Satoshi Miyata, President of Miyata WF Co., Ltd. speaks about how a broad product development range and development capabilities drive the Bishu production area

Miyata WF is located in the Bishu production area, Ichinomiya City in Aichi Prefecture. We asked the company's president Miyata about his thoughts on manufacturing and the production area.

Attempting to create a production area unique in the worldMiyata WF was founded by my father in 1954. As indicated by the company name, we initially dealt in woolen fabrics, but circular knitting machines were introduced in 1963 and we started making jersey fabrics. Jersey remains our mainstay today, and our factory has 8-46-gauge single knitting machines and 8-40-gauge double knitting machines. We also have more than 40 types that can do velour cuts, borders, and transfers, so we have the capacity to make a wide range of items, from outerwear and innerwear to sports clothes and industrial materials.
Our manufacturing generally fall in one of two categories: development led by Planning Office members for an exhibition and manufacturing together with our salespeople who have collected specific requests from trading firms and apparel retail customers. We frequently rearrange samples presented at exhibitions according to customer needs as well. We've participated in the Bemberg Outerwear Exhibition from the get-go, and have been working with Asahi Kasei for more than 20 years now. We always conduct discussions during development, and attempt new things every time, so that we can present something to the world that makes the most of the features of Bemberg as well as the features of our fabric manufacturing. We've tried so many different things that I feel there's no material we haven't tried. Recently, we suggested a mixed yarn of environment-friendly cotton BCI (Better Cotton Initiative) and Bemberg, and we're mass-producing it.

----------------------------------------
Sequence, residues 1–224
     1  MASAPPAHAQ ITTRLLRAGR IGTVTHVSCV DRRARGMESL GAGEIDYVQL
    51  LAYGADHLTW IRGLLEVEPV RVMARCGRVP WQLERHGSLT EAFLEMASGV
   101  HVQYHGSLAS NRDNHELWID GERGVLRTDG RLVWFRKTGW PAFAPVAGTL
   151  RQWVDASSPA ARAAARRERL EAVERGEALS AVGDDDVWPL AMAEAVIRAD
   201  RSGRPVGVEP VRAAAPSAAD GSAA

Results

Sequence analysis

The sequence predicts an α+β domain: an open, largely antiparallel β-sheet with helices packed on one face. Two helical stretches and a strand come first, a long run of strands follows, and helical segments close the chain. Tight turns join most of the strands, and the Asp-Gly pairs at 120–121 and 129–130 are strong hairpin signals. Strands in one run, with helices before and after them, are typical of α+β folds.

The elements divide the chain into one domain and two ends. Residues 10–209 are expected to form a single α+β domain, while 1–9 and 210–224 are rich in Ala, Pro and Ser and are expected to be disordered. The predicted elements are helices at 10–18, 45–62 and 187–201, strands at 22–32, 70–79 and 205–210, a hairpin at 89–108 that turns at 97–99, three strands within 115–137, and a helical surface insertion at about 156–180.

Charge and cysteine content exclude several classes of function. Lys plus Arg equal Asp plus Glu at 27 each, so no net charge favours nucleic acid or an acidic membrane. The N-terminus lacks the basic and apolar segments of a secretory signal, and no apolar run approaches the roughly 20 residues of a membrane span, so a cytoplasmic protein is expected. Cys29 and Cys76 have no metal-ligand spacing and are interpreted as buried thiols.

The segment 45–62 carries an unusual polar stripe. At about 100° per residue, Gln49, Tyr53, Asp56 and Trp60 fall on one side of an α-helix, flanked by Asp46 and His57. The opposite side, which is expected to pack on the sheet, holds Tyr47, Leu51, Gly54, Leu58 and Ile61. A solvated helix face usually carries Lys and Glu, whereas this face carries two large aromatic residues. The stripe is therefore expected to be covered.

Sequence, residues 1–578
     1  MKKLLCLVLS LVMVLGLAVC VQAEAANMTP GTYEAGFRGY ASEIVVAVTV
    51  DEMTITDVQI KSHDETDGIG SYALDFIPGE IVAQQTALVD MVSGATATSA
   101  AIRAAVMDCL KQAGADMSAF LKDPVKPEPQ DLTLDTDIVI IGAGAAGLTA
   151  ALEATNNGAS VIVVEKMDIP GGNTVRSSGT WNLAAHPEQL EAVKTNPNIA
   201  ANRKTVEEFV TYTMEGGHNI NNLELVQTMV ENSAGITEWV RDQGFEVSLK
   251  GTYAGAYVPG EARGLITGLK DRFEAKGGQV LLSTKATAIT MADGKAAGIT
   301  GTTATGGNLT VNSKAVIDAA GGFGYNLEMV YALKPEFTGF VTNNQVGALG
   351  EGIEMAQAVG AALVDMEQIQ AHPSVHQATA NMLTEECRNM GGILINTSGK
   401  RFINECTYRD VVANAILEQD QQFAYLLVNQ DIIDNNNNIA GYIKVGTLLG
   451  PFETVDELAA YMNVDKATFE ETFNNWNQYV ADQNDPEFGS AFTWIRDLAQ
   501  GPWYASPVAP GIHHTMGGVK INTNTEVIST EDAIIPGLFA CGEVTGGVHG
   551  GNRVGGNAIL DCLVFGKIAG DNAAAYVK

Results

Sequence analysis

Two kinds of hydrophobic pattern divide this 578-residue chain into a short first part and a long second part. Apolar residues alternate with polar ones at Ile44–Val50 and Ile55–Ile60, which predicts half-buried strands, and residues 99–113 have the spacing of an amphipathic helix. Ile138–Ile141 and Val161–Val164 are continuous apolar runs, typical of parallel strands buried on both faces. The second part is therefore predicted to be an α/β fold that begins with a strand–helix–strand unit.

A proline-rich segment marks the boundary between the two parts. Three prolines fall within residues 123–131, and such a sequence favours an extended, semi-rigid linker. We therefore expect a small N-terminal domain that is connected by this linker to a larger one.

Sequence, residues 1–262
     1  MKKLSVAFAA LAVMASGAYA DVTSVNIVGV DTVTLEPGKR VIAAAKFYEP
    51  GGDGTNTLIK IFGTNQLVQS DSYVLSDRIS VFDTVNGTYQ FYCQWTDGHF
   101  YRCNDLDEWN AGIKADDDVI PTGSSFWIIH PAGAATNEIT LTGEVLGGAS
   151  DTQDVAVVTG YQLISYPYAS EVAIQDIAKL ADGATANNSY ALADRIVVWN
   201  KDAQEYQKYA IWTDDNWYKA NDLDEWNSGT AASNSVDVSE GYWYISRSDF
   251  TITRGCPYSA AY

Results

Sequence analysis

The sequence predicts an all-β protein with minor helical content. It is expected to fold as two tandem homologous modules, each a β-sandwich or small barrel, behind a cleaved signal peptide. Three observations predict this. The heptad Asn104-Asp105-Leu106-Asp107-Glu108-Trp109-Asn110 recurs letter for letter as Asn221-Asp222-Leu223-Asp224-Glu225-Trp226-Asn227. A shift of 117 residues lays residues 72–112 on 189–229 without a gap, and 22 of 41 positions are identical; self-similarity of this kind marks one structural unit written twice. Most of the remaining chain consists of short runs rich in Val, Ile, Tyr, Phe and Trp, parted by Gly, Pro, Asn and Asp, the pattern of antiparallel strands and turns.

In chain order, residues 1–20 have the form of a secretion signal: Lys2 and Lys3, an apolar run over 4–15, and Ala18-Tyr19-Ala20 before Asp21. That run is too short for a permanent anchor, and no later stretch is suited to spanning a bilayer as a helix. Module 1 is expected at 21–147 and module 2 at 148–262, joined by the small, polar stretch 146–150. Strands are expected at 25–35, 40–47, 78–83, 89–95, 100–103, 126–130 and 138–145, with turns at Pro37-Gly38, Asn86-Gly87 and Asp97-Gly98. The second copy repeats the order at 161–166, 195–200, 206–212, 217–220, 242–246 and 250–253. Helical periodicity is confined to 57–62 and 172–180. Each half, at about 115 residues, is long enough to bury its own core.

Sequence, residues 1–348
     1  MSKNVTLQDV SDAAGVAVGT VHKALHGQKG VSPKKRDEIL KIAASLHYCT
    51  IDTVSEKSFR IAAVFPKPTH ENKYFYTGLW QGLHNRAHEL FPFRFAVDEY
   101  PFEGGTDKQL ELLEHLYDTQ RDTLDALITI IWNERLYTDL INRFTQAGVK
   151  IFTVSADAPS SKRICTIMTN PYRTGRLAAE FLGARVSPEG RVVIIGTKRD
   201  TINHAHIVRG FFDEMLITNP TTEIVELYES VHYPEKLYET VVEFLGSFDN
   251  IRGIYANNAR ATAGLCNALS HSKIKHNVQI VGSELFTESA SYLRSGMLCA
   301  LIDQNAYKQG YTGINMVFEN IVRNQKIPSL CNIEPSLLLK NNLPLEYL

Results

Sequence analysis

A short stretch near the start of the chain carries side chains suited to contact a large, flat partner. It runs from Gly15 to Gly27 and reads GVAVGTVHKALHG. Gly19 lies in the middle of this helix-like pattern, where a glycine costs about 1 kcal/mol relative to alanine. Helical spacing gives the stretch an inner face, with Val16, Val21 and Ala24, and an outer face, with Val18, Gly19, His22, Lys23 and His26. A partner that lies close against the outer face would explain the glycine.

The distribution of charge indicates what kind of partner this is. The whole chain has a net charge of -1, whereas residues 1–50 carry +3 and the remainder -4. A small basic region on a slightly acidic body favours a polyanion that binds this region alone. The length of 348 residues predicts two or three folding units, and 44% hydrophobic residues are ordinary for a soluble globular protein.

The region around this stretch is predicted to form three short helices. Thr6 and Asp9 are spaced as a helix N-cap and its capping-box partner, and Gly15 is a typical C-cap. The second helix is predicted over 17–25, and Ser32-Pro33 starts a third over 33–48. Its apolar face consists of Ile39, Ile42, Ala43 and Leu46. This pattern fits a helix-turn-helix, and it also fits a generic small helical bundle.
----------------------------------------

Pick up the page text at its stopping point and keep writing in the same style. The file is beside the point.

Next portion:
Expanding the business broadly at home and abroad We're very fortunate to currently be receiving a broad range of orders both in Japan and abroad, and we're getting good reviews. In 2016, items using fabrics from our company were awarded in two categories, the Dress-up Award and the Creative Award, at the J∞QUALITY AWARD of the Japanese Fashion Industry Council. The Dress-up Award was for a lady's coat, and we provided a fabric made of 100% wool and polyester pile with nap-raising and compression. The Creative Award was a men's jacket, using cotton and Japanese washi raschel. There's a demand for washi paper especially abroad, so it's currently one of our staple materials.
We've been exhibiting at the semiannual fashion material trade fair Premiere Vision in Paris since 2007, which has led to an increase in jobs outside of Japan. At present, about 40% of our products are consumed abroad and we're doing business with several world-famous brands. When working with people outside Japan, I always make sure to go there. We're dealing with a variety of countries, like the United States, Italy, Germany, and China, and the response obviously differs depending on country and region, so I think we really need to get much more used to meeting with people from other countries. One of our fabrics was used for the official jackets of the Japanese team at the international games in London in 2012. It was a stretchy jersey material, and there were basically no wrinkles on the athletes' jackets when they got off the plane. The athletes told us that "it felt comfortable to wear," and we got favorable reviews. We were quite excited at the company when this happened.